Nerdettes are the source of beautiful code?

Emma McGrattan, the senior vice-president of engineering for computer-database company Ingres–and one of Silicon Valley’s highest-ranking female programmers–insists that men and women write code differently. Women are more touchy-feely and considerate of those who will use the code later, she says. They’ll intersperse their code–those strings of instructions that result in nifty applications and programs–with helpful comments and directions, explaining why they wrote the lines the way they did and exactly how they did it.
The code becomes a type of “roadmap” for others who might want to alter it or add to it later...

Did she just say I code like a girl? My pursuit of writing maintainable code is really an exploration of my feminine side? That is quite the flamebait Mrs. McGratten treated the nerdiverse on. :)

Her goal is noble, but I think Agile is wasted on Ingress:

In an effort to make Ingres’s computer code more user-friendly and gender-neutral, McGrattan helped institute new coding standards at the company. They require programmers to include a detailed set of comments before each block of code explaining what the piece of code does and why; developers also must supply a detailed history of any changes they have made to the code. The rules apply to both Ingres employees and members of the open-source community who contribute code to Ingres’s products.

My question to you: Do you get anything done? Or is 90% of time spent on adding code-pretties?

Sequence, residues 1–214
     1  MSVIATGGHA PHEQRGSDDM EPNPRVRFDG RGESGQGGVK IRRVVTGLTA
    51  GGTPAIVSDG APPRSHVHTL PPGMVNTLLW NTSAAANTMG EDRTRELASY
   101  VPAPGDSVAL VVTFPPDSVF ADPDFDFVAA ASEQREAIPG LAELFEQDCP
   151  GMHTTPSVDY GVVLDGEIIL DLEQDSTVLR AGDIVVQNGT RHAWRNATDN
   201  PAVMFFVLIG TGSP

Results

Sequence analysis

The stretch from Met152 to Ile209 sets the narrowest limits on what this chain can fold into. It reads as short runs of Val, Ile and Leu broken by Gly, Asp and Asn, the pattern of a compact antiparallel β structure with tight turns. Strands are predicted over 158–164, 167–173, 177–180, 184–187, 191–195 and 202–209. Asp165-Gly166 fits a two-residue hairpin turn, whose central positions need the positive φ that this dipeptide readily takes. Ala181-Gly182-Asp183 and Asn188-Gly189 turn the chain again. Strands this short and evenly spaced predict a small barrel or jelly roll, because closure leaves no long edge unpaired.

Realtek HD Audio - upgrading from to

The Software & Driver download page for my HP Pavilion a1750e had an updated audio driver on it, but I assumed Windows Update also had the latest Realtek HD Audio drivers for Vista. Since I religiously keep up to date with Windows Update I assumed I was running with the latest drivers. Alas, I was wrong mistaken!

What is going on here? Why do I have to pick those drivers up from HP? It looks like Microsoft would have to keep a lot of vendor specific updates available, considering this disclaimer found on the Realtek drivers download entry page.

Audio drivers available for download from the Realtek website are general drivers for our audio ICs, and may not offer the customizations made by your system/motherboard manufacturer. To be sure you obtain the full features/customizations provided in your original audio product, please download the latest drivers from your system/motherboard manufacturer's website.

Yuck! This is lawyer speak for "we don't do drivers, we're in the hardware business". Ergo, you want drivers? Go talk to your hardware vendor. And so I did. Current installed version; Time to put the upgrade to version to the test. (Release date: 2008-03-01, Description: Realtek High Definition Audio driver update resolves excessive noise issue with HDMI audio.)

Strangely enough HP software updates still do not seem to be able to use a wizard style for their update dialog, so after running sp37324.exe I am presented with the plea to press YES! ClickYes

Ick! Ok, then. I wonder what the difference is between "No" and "Cancel". :)

Next up, a little progress dialog...


Eeeep! No progress shown here, just the moving piece of green that shows it is busy. And after a bit the update is done; Time to click YES again, or No, or Cancel!


I chose to be nice, and click YES, the system restarted, and I still had sound. Yay! Unfortunately all my audio configuration settings were wiped out again, so I had to set front and back channels to be split again, but that was the only heartache I got. And just to be sure I checked the version dialog:



My question to you, dear reader, is: Where do YOU pull your Realtek HD Audio driver updates from?

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